WASHINGTON — In the most violent skirmish in months between U.S. and Russian forces in Syria, a vehicle collision in the eastern part of the war-torn country left American troops with concussions, two U.S. officials said Wednesday.

One official said Russian vehicles sideswiped a light-armored U.S. military vehicle, injuring four Americans. The official said two Russian helicopters flew above the Americans, and one of the aircraft was within about 70 feet the vehicle.

National Security Council spokesman John Ullyot said in a statement that a Russian vehicle struck the American vehicle near Dayrick, in northeast Syria.

“To deescalate the situation, the coalition patrol departed the area,” Ullyot said. “Unsafe and unprofessional actions like this represent a breach of deconfliction protocols, committed to by the United States and Russia in December 2019.”

While there have been several other recent incidents between the American and Russian troops who all patrol in eastern Syria, officials described this one as the most serious. U.S. troops are usually accompanied by members of the U.S.-backed Syrian Democratic Forces.

Both officials spoke on condition of anonymity to provide details of the incident that were not yet made public. One official said the incident happened deep inside the eastern Syria deconfliction zone, where Russian troops generally should not be present.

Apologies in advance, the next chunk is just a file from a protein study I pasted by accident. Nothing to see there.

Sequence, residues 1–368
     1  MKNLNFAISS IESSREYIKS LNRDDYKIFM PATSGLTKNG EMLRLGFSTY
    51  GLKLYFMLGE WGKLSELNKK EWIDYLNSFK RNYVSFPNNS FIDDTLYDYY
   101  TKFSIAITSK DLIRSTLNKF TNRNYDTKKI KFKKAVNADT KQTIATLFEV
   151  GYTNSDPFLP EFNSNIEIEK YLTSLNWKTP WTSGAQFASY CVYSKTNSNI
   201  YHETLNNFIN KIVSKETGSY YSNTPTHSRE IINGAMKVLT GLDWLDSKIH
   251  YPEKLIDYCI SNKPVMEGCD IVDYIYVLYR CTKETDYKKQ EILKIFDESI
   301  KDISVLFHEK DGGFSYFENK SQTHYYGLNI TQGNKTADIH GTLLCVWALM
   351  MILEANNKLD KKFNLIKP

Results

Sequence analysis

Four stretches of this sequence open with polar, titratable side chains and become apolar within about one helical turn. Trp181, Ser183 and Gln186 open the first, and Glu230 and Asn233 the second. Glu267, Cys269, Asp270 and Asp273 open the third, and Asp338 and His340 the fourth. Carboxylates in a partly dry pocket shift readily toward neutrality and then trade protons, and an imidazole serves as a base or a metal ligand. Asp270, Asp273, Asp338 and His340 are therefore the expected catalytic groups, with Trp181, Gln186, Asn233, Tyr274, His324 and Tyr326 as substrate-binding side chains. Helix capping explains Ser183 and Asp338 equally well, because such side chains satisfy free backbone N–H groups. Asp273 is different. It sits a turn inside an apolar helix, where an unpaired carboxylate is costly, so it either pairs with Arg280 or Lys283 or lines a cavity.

The officials said the incident is being discussed by senior officials from both countries who routinely work to prevent conflicts between troops in that area. U.S. and Russian commanders have frequent conversations to try and avoid contact between their troops there.

Gen. Mark Milley, chairman of the Joint Chiefs of Staff, spoke by phone on Wednesday to Gen. Valery Gerasimov, chief of the Russian General Staff. No details of the conversation were provided. Often the top U.S. and Russian military leaders do not publicly release the contents of their phone calls, so it’s not clear if the incident was discussed.

Ullyot said the U.S. forces were in what is called a Mine-Resistant Ambush Protected All-Terrain Vehicle. That replaced early versions of a vehicle developed more than a decade ago to allow troops in Afgnhanistan and Iraq to better withstand roadside bombs.

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